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article imageOp-Ed: College football — The South shall rise again

By John Dewar Gleissner     Nov 23, 2011 in Sports
Birmingham - Racial dominance still plays a role all across the South. This time, things are different, because the South is winning.
The South shall rise again! ... in fact, it already has in college football. With about one-third of the nation's population, the South wins college football games and championships in far greater numbers than population alone would suggest. And it's not just the Southeastern Conference (SEC) that dominates the rest of the nation. Southern teams in the ACC, Big 12 and other conferences routinely field superior football teams. Over the last few decades, the South has won national championships in college football twice as often as other regions of the country. The top-ranked college football teams in 2011 are Southern teams.
The South is very proud of its football record. During bowl season, the South wants other Southern teams to prove the South's dominance. Other regions of the country still have the top five largest football stadiums, but the South has the next five largest. This year, once again, the Southeastern Conference contains the best teams, and there is talk of a re-match in the National Championship Game between two SEC teams that have already played each other. The last five National Champions in college football have all been SEC teams.
The South has risen again, but this time around, things are different. Instead of white supremacy, it's African-American supremacy. Yes, African-Americans dominate college football and other sports out of all proportion to their numbers. African-Americans currently constitute only 12% or 13% of the entire American population, but they are concentrated in the South. After integration, the South's football dominance arose. The good news is that, instead of creating racial tension, this dominance improves race relations more than almost anything else in American society.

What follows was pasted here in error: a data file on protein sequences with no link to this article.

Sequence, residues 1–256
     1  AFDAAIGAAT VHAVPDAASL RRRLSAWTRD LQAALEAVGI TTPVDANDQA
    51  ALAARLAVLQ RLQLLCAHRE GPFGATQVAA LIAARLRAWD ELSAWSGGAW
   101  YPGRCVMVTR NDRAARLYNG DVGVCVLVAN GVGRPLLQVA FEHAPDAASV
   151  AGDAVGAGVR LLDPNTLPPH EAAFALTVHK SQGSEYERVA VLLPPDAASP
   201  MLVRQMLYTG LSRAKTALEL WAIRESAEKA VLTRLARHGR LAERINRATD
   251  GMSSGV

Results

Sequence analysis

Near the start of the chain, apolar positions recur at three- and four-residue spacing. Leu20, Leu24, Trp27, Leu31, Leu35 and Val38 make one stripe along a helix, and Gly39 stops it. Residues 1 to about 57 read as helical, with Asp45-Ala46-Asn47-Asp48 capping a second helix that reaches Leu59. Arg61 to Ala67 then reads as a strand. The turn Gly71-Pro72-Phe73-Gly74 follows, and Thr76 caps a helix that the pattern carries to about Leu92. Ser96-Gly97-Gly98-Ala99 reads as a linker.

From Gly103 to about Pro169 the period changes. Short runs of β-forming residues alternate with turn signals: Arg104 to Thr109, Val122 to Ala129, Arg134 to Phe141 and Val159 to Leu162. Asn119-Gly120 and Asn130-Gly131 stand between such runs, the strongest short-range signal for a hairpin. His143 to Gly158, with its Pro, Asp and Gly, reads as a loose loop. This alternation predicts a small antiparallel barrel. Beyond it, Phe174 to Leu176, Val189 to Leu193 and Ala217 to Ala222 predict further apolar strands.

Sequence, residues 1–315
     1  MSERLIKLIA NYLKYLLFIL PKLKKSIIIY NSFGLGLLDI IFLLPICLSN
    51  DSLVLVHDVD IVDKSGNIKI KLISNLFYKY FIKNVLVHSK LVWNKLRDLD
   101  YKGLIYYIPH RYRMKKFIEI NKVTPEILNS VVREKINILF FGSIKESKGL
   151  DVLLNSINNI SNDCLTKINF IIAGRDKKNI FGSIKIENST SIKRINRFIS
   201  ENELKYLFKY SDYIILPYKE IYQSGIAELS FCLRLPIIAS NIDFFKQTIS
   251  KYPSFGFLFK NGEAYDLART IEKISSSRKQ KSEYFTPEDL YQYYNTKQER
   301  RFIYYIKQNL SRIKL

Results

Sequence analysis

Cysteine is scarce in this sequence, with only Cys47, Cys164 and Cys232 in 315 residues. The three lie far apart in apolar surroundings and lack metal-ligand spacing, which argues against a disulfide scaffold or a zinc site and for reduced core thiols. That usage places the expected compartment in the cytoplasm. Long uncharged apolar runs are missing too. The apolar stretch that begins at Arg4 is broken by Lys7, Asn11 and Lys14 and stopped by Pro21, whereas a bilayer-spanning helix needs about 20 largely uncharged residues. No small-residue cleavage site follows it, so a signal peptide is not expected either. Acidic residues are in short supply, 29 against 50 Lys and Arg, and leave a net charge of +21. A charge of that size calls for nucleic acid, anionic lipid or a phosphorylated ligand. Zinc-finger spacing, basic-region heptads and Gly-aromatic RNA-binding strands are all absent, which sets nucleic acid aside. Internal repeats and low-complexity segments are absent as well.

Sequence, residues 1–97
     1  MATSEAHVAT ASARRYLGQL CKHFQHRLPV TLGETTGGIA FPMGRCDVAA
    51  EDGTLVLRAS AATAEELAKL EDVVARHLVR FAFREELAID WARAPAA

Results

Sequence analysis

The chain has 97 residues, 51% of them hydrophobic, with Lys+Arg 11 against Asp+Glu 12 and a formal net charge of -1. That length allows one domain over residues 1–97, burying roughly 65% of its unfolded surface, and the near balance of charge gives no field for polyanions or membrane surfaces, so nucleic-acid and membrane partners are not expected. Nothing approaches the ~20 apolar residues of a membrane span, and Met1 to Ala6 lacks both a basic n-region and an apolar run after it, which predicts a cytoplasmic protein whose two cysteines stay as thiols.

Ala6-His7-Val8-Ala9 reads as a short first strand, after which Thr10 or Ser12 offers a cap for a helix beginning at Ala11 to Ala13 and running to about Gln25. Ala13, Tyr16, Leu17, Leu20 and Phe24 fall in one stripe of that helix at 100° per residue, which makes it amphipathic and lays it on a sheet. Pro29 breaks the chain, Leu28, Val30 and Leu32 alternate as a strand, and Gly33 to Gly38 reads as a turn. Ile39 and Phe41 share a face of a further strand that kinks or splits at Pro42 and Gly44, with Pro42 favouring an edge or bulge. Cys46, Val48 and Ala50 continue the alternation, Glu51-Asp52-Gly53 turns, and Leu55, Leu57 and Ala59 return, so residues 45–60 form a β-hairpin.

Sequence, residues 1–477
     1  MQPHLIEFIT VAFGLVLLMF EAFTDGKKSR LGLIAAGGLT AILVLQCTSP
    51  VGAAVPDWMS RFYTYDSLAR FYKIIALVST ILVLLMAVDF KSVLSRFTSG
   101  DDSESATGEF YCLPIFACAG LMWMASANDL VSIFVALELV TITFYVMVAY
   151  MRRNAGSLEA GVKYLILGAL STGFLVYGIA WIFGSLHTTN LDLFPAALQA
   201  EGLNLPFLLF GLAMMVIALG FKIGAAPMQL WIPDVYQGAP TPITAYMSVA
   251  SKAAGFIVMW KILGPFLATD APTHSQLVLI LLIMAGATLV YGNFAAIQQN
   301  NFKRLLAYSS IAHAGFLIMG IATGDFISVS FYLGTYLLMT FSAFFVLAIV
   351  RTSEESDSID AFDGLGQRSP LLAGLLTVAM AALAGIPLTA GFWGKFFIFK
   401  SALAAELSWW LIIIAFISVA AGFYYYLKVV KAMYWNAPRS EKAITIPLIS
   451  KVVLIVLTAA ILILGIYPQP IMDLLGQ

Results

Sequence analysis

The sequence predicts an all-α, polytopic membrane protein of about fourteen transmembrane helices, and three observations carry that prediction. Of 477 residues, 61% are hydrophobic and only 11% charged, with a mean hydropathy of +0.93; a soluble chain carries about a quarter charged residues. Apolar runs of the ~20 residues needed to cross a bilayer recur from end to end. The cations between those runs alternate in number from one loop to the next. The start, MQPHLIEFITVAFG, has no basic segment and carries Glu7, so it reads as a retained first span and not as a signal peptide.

Unlike baseball and basketball, football is more akin to warfare. Just as in war, football boils down to a territorial dispute. Other sports involve much less hostile physical contact with the enemy or penalize it, and do not always require the entire team for important plays. Each team in football wears armor and has a front facing the enemy. Teams have highly publicized field generals and gladiators. The high command directs from the sidelines. We love to see the enemy outrun, brought down, hit hard and defeated. We football fans get in touch with our inner barbarians. Fans say and do aggressive things at football games that society will not condone elsewhere.
Football gladiators fight and take risks for us, our family and our tribe. Emotional territorial and tribal loyalties are highest in college football. The players fight to protect older, weaker and sedentary members of the tribe, whose fates ride in the bodies of their warriors. We admire those who train hard for war and live athletic lives. A club based in New York City gave Auburn quarterback Cam Newton of Atlanta the 2010 Heisman Trophy.
Every now and then, our tribe suffers casualties in the form of injuries. Sometimes players drop dead in football practice. Our worst nightmare is a paralyzing injury to one of our warriors. We accept casualties as part of warfare. Our goal is to win and boost our own status. We love the players who champion our cause. We honor them as indispensable protectors of our tribes and families.
The South has risen again ... and this time it's winning.
This opinion article was written by an independent writer. The opinions and views expressed herein are those of the author and are not necessarily intended to reflect those of
More about Sec, College football, South, African americans, Black
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